Derek Smith 34:15
It's true. I mean, we're always searching for it some presentable side to put to them. And even when we're feeling bad, you know, our angsty our, you know, we want to put out that right statement. And that's curating yourself. I mean, it's just kind of instinctual. And artists tend to be better at it because we've thought more about ourselves than the average person does. Not into our brains, and we spend a lot of time there. So us figuring out what's most comfortable for us to flourish. In a world where eyes are on us. That's what we're here for. You know, we're constantly producing all of these, you know, visual eye candy everywhere for anyone, and then when they turn and actually look at the art You know, that's that's what we have out there. Sometimes, you know, I applaud I really do. I applaud artists that just can drop all cares. Yeah, and, and 100. But even then you're still putting on your public. I'm dropping all cares, persona, right? But, but having that little bit of curation, a little bit of self curation, where you're taking that extra second, just to think about what you're going to say, and what you're going to present to the world. Because right now, we have such a wonderful opportunity as artists to move past the gatekeepers and the institutions that have held you know, so many back and, and just because our voices can be heard, and our art can be seen, and we don't have to go through a specific set of selected processes, in order to have an audience. And just taking a little bit of care to make sure that your audience is is bonding with you and kind of this beautiful, holistic way. That's wonderful. And keeping your grandmother in mind.
Elaine Maisel 36:06
I keep my grandmother in mind. Yeah, she's passed away. Both of my grandmother's passed away quite a while ago, but that also kind of keeps me connected to you know.
Derek Smith 36:18
So your Instagram is Elaine Maisel, it's E L. A INEMAISEL. And then your website is Elaine Maisel calm. Yes. And they find your work anywhere else, or is there anywhere physical that they could go in and find you?
Elaine Maisel 36:35
Let's see. Well, I do have things at the Mississippi craft center right now is the Bill Wallace craft center. Technically, no, but in Ridgeland. I have things there. If you happen to be listening from Berkeley, California, there are some things at my brother's restaurant, easy Creole.
Derek Smith 36:52
We have a few. We have okay. Yeah, we've got some in Ireland in the UK. It's awesome, though. Getting these new stat numbers has been
Elaine Maisel 37:01
awesome. Well, my brother, my brother keeps a little display of my things on the wall. Next to the register is his restaurant, his wall to ceiling funky art. So so my stuff fits right in there, too. Actually, it kind of just blends as the is the little picture frames and things continue all around the room all the way up to the oh gosh, 20 foot ceiling? Yeah. Yeah, that's a very cool place. And he's got lots of kind of family heirlooms and things, too. I'm on the walls. It's really personal. Um, and, um, you know, I have an Etsy store, which I keep meaning to replenish, and I will at some point, there's a link to that on the website. So that's the easy way to find it. Um, I think I was able to switch that over to Elaine Mays Ella's? Well, I have some graphic design stuff on red bubble, but that's kind of totally different. That's just kind of a little side thing. I've played with some. And, and then, when Archos startup began, and I feel comfortable going back out to them, you'll probably see me at some. It's kind of been nice. Actually, it was nice to have this year's Christmas kind of more close to home, instead of being running ragged doing doing, like arts festivals, right up to Christmas. Yeah,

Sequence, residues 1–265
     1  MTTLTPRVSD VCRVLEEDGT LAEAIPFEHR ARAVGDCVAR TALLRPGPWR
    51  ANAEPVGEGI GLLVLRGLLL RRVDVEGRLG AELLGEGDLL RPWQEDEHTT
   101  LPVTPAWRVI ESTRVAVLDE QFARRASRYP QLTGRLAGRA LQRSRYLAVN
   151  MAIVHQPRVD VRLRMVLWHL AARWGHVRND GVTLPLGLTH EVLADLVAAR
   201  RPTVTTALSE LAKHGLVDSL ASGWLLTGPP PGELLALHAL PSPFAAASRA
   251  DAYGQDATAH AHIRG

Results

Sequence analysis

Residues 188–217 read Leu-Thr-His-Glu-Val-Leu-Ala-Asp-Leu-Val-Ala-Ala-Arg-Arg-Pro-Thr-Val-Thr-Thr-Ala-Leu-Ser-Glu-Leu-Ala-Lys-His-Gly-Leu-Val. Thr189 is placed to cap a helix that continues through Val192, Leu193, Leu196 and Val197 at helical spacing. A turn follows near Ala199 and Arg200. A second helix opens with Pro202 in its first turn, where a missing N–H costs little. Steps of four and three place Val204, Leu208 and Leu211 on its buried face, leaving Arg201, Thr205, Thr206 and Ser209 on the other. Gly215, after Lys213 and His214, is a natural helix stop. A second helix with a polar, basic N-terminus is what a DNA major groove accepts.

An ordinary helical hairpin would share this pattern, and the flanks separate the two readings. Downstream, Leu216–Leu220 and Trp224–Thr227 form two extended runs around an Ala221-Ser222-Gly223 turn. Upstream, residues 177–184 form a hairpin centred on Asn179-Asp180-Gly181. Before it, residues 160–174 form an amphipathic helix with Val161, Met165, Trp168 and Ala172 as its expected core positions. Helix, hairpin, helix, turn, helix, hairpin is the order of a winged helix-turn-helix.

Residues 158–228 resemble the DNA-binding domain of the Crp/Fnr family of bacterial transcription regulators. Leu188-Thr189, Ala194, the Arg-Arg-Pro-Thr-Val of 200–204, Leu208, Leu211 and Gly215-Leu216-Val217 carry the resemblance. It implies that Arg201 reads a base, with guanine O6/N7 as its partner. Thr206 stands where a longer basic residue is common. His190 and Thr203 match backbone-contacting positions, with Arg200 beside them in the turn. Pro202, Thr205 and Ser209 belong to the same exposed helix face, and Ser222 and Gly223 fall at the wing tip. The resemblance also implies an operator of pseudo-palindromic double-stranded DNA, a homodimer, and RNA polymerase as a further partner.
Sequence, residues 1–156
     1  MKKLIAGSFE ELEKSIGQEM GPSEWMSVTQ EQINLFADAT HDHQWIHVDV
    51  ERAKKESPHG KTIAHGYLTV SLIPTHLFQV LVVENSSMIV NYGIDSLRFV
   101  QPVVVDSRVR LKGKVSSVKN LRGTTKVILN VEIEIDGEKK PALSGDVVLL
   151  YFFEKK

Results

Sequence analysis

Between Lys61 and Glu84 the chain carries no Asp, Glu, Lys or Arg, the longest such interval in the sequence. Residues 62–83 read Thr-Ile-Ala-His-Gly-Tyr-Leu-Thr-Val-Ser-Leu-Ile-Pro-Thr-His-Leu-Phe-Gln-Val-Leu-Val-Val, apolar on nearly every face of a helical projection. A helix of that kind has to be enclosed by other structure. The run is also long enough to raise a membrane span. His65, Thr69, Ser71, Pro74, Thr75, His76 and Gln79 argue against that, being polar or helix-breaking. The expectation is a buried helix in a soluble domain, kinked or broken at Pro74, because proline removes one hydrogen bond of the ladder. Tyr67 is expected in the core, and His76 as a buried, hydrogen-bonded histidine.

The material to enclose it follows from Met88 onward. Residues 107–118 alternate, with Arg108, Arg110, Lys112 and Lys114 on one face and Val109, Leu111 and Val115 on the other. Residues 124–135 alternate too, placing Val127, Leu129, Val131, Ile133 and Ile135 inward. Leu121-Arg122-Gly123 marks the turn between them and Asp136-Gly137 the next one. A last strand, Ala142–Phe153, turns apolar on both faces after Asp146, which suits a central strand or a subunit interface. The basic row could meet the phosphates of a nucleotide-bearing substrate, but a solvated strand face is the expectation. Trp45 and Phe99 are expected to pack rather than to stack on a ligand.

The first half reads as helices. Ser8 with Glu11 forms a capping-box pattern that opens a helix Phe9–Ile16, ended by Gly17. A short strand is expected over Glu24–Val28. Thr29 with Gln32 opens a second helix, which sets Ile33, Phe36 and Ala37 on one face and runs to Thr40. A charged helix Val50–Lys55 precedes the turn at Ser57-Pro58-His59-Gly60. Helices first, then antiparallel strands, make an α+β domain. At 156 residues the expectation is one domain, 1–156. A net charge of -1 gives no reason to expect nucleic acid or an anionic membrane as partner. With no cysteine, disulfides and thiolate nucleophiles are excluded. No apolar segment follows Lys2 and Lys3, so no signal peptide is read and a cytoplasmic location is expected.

Derek Smith 38:28
I mean, that's a prime time when you're doing that.
Elaine Maisel 38:31
It's also a prime time to make money. So yeah, then to get your work out there.
Derek Smith 38:37
So one last question, and I'll let you go for anybody that is coming behind you are for you, as a younger self, what would be some advice that you would give,
Elaine Maisel 38:47
um, if you're, you can do it, you have to give it 100%. Um, treat it like so if you want to be an artist, treat it like a real job. Be consistent and show up and do the work. Even if you don't feel like it. That's the most important thing. And actually, once you start doing the work, if you sit down and start, it usually just goes, it happens. Give yourself five years to find your voice and find your place. But that's five years of working hard at it. I have a business plan, realize that business plan is going to change and revisit that regularly, like every few years. Pick your marketing strategies carefully at the beginning because a lot of them are going to stick and consistency is important. And I see a lot of artists that are fantastic, but they actually do too many things, I think and it's good and I feel like I do kind of too many things a little bit. A little bit. Um, you know, I'm really focused in on the feathers. And sometimes I feel like that that kind of limits me but It limits good because it defines you and you need to have a definable style and a definable voice. So I'm all because you love stained glass and pottery and painting. And this pick one, pick one and, and put 100% of your energy into it and make it the best you can. Um, if you if you're always a dabbler, then you won't be considered a professional artist. You'll be considered a dabbler.
Derek Smith 40:28
Yeah. Yeah. Wonder which is hard. Yeah. It's hard to pick. Yeah, it really is. It's a woman, there's just so much you can do with art. Right? One little toe dip is really hard to do. The whole pool, figure out which parts you like to swim in, and then stay there for a while? Yeah, if you have any doubts about that theory, look back in history and start pulling out artists names from history, and you're going to pull out a name and you're going to pull out a whole bunch of artwork that is recognizable by that person. When you go in and actually read about them. They did other things. But this was a focus. This was a life. Right? That's wonderful.
Elaine Maisel 41:09
Rembrandt Rembrandt was a party party planner. That was like his day job. But his work is very, very consistent, recognizable, and Vango is very recognizable. Um, and like local people. Why atwater's is very recognizable, but actually, if you go back and look at some of his work he does his student it's very different, very different, very different. And then he picked a particular color palette, but particular style and you can recognize a Wyatt Waters just like that. Yeah.
Derek Smith 41:45
Well, Ole Miss out. Thank you so much for coming on and giving us your time and your advice and your your history and sharing all of that with us. I know that I enjoy connecting with it and I hope everyone else does too.
Elaine Maisel 41:58
Thank you so much. And thanks for everything you're doing down in Brookhaven. It's great that you're back in Mississippi and and making art has
Derek Smith 42:07
been really exciting. For everyone else. We will have another podcast up for you soon. Until next time. Special thanks to our members Jenny Howard, Buffy Jordan, Jenny Mo, Evelyn Peavy The Evans Family Janet Smith, Beth Breeland. Mary Hardy when fury Mary Adams Jennifer drink of water and the Smith family
Transcribed by https://otter.ai
The Little Yellow Building is the creative art studio of Mississippi artist Derek Covington Smith. TLYB was established in 2018 to help grow and promote visual art in the state through opportunity, exposure, and education.